University of Toronto, Harvard, University of Guelph, and Simon Fraser University have one thing in common: they have all committed to total divestment of fossil fuels.

But Ryerson University, which holds $8.9 million (or five per cent of its total endowment) in fossil fuels is absent from the list. Ryerson is widely referred to as X University since announcing plans to change its name due to Egerton Ryerson’s role in creating Canada’s residential school system.

The university has no plans to divest, and now, with a pandemic restricting student organizing, actions and recruitment, there is little pressure on the administration to do so, says Evelyn Austin, former U of T student activist and co-ordinator for Divest Canada Coalition.

Instead, Ryerson has taken an environmental, social and governance (ESG) approach, school administrators told Canada’s National Observer via email. The school’s investments are handled by Fiera Capital Corporation, the university’s endowment fund manager, which uses ESG to evaluate environmental and social harm of investments.

Critics of the ESG model, including Austin, argue that ethical considerations of ESG are insufficient to combat the climate crisis. The model has no regulated, measured standards, she said. ESG ratings simply compare companies within sectors, for example measuring the impact of Suncor’s operations to say, BP oil.

Ryerson reportedly invests in Suncor, which operates in the tar sands and Chemical Valley, says Fossil Free Ryerson, the university’s most recent divestment organization, according to The Eyeopener. Ryerson did not answer questions from Canada’s National Observer about specific holdings.

Divest Canada considers ESG a false solution: “You just have to be not the worst fossil fuel company to be given a decent rating,” Austin says.

Austin also criticizes the depoliticization effect of ESG, where fossil fuel investments become a numbers game. For example, a university may pledge to lower greenhouse gas emissions of a portfolio by 10 per cent, as the University of Guelph did before committing to total divestment. Student divestment movements push for a bolder target of total divestment from fossil fuels.

Ryerson president Mohamed Lachemi told the Eyeopener the university currently has no tangible plans to divest, adding many universities with divestment plans “have multiple investment managers with committees who actively make decisions about asset mix strategies.” Ryerson, meanwhile, has a single fund manager handling its endowment, and the university “does not engage in active investment decision-making,” a spokesperson told Canada’s National Observer.

Both Lachemi and chief financial officer Joanna McKee, who oversees Ryerson’s financial planning, reporting, and investing, declined to be interviewed directly for this story.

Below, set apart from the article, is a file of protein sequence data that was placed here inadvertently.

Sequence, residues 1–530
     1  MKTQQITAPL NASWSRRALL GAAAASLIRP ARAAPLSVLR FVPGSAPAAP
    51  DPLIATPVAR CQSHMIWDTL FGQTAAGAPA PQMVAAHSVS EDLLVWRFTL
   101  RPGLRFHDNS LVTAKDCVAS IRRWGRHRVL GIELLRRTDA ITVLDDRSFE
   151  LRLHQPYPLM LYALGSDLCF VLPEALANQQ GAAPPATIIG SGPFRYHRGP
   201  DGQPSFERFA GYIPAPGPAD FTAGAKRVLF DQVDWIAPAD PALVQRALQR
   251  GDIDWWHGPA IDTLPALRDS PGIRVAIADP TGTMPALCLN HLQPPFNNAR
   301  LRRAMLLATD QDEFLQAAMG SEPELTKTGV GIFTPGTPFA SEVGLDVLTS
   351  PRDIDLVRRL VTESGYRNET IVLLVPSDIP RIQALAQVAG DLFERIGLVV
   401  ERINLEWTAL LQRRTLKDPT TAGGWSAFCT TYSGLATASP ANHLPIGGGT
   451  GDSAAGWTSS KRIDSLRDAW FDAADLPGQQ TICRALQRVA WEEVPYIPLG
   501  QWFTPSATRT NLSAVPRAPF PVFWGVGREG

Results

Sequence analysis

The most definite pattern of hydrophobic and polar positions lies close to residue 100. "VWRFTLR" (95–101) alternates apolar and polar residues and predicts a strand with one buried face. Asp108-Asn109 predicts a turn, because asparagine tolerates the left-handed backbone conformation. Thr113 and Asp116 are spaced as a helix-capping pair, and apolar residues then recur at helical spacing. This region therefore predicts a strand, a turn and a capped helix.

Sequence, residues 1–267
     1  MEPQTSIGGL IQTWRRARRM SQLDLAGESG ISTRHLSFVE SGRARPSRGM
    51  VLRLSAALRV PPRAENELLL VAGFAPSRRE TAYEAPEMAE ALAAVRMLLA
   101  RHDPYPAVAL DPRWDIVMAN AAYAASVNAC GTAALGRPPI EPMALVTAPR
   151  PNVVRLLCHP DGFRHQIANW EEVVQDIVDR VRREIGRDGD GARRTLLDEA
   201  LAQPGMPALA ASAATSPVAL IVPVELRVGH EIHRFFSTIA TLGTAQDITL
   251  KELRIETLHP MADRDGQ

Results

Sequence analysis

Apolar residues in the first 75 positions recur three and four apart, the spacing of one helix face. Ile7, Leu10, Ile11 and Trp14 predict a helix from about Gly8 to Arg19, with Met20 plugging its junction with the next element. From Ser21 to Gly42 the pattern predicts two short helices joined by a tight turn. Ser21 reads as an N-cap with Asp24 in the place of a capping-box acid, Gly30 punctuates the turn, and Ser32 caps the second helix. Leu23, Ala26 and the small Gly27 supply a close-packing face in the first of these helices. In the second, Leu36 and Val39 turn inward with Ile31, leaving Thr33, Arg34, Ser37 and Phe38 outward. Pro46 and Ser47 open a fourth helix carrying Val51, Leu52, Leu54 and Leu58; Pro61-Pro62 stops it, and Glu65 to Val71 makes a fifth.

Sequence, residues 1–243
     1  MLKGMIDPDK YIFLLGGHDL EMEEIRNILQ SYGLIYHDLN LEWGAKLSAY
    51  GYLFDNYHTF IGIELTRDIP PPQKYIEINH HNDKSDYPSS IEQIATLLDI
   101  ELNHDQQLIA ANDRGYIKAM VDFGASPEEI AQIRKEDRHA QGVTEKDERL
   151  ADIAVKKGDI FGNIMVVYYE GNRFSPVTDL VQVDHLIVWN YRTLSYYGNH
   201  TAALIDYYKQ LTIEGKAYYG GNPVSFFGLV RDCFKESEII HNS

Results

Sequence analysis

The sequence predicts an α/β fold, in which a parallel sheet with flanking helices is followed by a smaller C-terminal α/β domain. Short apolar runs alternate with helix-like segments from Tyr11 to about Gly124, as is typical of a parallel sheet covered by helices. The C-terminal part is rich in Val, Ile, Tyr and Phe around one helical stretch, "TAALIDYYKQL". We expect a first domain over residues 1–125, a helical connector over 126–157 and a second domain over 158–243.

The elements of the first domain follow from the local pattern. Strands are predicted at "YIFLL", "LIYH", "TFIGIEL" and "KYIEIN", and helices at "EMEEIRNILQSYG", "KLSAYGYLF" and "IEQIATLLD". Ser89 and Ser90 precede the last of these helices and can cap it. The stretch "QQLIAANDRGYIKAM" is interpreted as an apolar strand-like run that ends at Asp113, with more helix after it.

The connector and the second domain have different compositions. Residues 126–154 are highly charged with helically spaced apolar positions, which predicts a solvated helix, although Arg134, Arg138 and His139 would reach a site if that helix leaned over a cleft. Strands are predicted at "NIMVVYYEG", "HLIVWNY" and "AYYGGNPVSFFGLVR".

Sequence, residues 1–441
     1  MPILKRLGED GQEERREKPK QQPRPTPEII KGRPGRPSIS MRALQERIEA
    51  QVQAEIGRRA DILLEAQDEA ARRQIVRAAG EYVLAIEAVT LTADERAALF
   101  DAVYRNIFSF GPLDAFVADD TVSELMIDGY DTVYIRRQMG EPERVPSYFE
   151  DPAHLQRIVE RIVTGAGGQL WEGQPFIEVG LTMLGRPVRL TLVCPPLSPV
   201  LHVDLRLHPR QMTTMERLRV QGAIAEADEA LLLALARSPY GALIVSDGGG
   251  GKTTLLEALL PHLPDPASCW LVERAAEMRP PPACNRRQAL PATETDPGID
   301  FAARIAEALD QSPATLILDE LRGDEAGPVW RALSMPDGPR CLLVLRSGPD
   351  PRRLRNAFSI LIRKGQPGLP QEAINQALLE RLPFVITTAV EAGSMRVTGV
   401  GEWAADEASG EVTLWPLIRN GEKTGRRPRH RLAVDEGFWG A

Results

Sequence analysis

#Ryerson has its reasons for refusing to divest from fossil fuels, but at least some students believe the #university is wrong. #FossilFuels #divest #climate

However, Ryerson’s administration told Canada’s National Observer that Fiera Capital joined the Net Zero Asset Managers Initiative, which shifts responsibility of climate-driven investing to the asset manager, in this case, Fiera Capital.

Ryerson has made some shifts to monetarily address climate change. Since 2019, its investments in fossil fuel have shrunk by seven per cent, compared to the now inactive student group Fossil Free Ryerson’s initial campaign number of Ryerson’s $17.5 million in fossil fuel investments.

Ryerson also says it will be joining the University Network for Investor Engagement, a climate-aligned portfolio engagement program for universities. The website supports an ESG and reform approach to sustainability rather than divestment.

But critics argue ethical fossil fuel reduction of endowments cannot be reached through ESG reforms, particularly for public universities. Former divestment movements have targeted tobacco companies and South African apartheid. Like prior movements, fossil fuel divestment contends internal reforms are moving too slowly to confront the climate crisis and environmental racism.

The urgency to divest has only come after years of student-led campaigns. U of T’s divestment movement, for example, campaigned for nearly a decade before it succeeded.

Ryerson’s most recent divestment movement, Fossil Free Ryerson, was active until last spring. Canada’s National Observer reached out to MJ Wright, lead organizer for Fossil Free Ryerson, but he graduated and could no longer comment on the story.

Austin says the pandemic has severely hampered student movements. Campus closures have exacerbated student isolation and decreased student activity, causing a fissure in the institutional memory of student-led divestment movements.

Student pressure is still working to some degree, as evidenced by the pending name change and other structural shifts to combat colonialism.

But Austin asserts it is hypocritical for Ryerson University to decolonize its namesake and still invest in fossil fuels.

“These companies continue to be responsible for so much colonial violence in so-called Canada, and across the world,” she says.

Matteo Cimellaro / Local Journalism Initiative / Canada's National Observer

Updates and corrections

| Corrections policy
February 11, 2022, 07:24 pm

This article has been updated to clarify remarks made by Ryerson president Mohamed Lachemi to the Eyeopener and to correctly attribute those comments. Lachemi told the news outlet Ryerson does not regularly engage in active investment decision-making.

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